Military Tech and a 19th Century Engine Could Revolutionize Solar Energy

A new way solar energy will be harnessed could change how people worldwide get their electricity.

“In the remote Northern Cape province, huge mirrors reflect the sun across the brown Kalahari sand. This is the test site for Swedish company Ripasso, which is using the intense South African sun and local manufacturing know-how to develop their cutting-edge kit,” explains Jeffrey Barbee for The Guardian.

Work on the project began in 2011. The South African team is led by Jean-Pierre Fourie who has overseen the project in the extreme desert temperatures for four years.

The system works by taking sunlight that is directly hitting the satellite-dish-like apparatus and converting it into electricity. The 100-square-mile apparatus has solar panels that do the work. While most other solar energy generators with photovoltaic panels only get 23 percent to 25 percent of the sunlight, this machine gets 35 percent.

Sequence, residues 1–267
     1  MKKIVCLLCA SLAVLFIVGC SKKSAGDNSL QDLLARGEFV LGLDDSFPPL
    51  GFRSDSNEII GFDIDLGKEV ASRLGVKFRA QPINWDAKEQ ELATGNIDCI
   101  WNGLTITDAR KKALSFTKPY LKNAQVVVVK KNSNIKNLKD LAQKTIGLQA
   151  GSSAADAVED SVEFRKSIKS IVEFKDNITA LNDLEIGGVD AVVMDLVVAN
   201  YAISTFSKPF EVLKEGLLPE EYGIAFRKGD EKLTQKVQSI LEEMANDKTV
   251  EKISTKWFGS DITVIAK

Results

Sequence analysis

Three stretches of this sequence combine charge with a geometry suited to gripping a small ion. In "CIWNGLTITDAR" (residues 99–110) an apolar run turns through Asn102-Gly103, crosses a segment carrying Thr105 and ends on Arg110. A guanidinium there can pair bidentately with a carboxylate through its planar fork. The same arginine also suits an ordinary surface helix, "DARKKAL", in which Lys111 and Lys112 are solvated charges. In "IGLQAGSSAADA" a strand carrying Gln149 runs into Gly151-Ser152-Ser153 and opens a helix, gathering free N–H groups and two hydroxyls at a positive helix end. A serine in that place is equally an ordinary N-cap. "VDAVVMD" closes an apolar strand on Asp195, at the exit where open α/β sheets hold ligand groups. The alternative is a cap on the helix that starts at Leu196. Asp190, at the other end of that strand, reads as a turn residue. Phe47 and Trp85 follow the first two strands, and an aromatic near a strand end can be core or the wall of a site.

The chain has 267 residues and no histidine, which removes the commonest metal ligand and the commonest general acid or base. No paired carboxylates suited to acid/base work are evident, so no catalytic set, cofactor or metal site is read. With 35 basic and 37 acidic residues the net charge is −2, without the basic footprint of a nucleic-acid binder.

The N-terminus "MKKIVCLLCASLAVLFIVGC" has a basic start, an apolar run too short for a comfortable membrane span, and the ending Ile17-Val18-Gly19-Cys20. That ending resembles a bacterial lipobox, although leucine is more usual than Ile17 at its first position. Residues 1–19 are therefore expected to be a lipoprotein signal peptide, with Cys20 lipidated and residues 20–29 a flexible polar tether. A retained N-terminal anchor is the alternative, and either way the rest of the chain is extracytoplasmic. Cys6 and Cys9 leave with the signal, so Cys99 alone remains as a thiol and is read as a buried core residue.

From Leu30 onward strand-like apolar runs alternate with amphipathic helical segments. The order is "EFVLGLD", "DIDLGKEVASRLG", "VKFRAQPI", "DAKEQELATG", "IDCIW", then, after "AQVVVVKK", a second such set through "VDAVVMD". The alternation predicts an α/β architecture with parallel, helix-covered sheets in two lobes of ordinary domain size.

All of the sunlight is focused into one hot point that then turns the energy into electricity to power a 19th century engine created by Swedish inventor the Rev. Robert Stirling. The engine was created for steam-powered boats. Ripasso has been using updated models of the engine for submarines.

“The technology looks good to me. I’ve seen it working, and I believe it meets the efficiency goals. The technology is proven with years of performance in the navy,”  according to Paul Gauche, director of the Solar Thermal Energy Research Group at the University of Stellenbosch.

The problem with new tech is that it is very difficult to get funding from financial institutions. Ripasso will have to learn to adapt in order to continue this project.

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